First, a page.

A new section of each course starts on the second or third Wednesday of each month. If enrolling in a series of two or more courses, please be sure to space the start date for each course at least two months apart.
|Wednesday - Lesson 01|
|Wouldn't it be terrific if you could use one
program to create all the different types of print materials you
need for your small business, organization, or family—such as
letterhead, forms, and even brochures and business cards? Well, you
can! We'll spend this first lesson going over all the different
types of content you can produce with InDesign. We'll explore the
InDesign workspace and tools, and then we'll get right to work on
our first project—a logo for the fictional business we'll create
materials for throughout this course!
|Friday - Lesson 02|
|Today, you'll learn all about starting and saving
a new document. What's one of the most common types of print
documents? If you said, "letterhead," you'd be right, and well on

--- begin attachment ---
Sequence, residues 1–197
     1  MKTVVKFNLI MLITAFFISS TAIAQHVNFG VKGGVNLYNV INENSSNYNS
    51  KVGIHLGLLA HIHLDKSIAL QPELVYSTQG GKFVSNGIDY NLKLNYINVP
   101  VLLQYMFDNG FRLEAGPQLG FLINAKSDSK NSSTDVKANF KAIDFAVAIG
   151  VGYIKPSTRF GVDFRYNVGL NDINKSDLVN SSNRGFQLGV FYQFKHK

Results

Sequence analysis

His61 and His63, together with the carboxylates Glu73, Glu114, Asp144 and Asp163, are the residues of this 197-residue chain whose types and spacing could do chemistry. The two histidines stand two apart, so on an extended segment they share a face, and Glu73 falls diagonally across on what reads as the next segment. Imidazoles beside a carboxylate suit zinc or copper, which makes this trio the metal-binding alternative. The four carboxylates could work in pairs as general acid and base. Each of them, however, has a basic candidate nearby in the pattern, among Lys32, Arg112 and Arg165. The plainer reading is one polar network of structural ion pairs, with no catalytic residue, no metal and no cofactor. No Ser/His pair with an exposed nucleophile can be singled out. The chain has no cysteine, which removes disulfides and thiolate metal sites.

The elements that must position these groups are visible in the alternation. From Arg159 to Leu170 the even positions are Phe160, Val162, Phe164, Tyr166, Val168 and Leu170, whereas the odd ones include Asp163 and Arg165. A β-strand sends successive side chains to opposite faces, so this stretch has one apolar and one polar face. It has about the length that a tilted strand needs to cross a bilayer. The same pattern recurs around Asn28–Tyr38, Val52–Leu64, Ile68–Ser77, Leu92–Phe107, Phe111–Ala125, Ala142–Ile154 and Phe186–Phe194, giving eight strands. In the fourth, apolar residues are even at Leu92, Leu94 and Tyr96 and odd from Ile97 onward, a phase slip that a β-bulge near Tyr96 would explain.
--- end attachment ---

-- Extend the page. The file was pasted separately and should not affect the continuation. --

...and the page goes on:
your way into this lesson's project. By the end of the session,
you'll know how to choose settings for a new file, add background
images, and organize your content to create a custom letterhead. And
as we'll do in all of our lessons, we'll also go over how to use the
specific colors, styles, and logo for our fictional business, but
you'll be able to use the same techniques for your personal business
|Wednesday - Lesson 03|
|Organization is a key ingredient in successful
work of any kind, and it's critical to successfully using InDesign.
In this lesson, you'll learn about organizing in two ways: First,
you'll see how to use a workflow, or an order of operations
for creating an InDesign publication. Then we'll go over how to
organize materials on a page and how to use many of InDesign's tools
for aligning, organizing, and laying out your content. In the
process, we'll complete not one, but two projects: a sheet of
business cards and a sheet of address stickers.
|Friday - Lesson 04|
|Using measurements and structures are crucial
when you work with InDesign, and since designing a catalog layout is
the perfect way to learn these skills, that's what we'll focus on
today. We'll work with two different column layouts while exploring
other InDesign features (like grids and document coordinates) that
can help you set out a page evenly. We'll also go over using graphic
and text frame placeholders so you don't have to add content to the
page to see its layout. For a final touch of realism, we'll go over
how to use nonsense text during the design process to give you a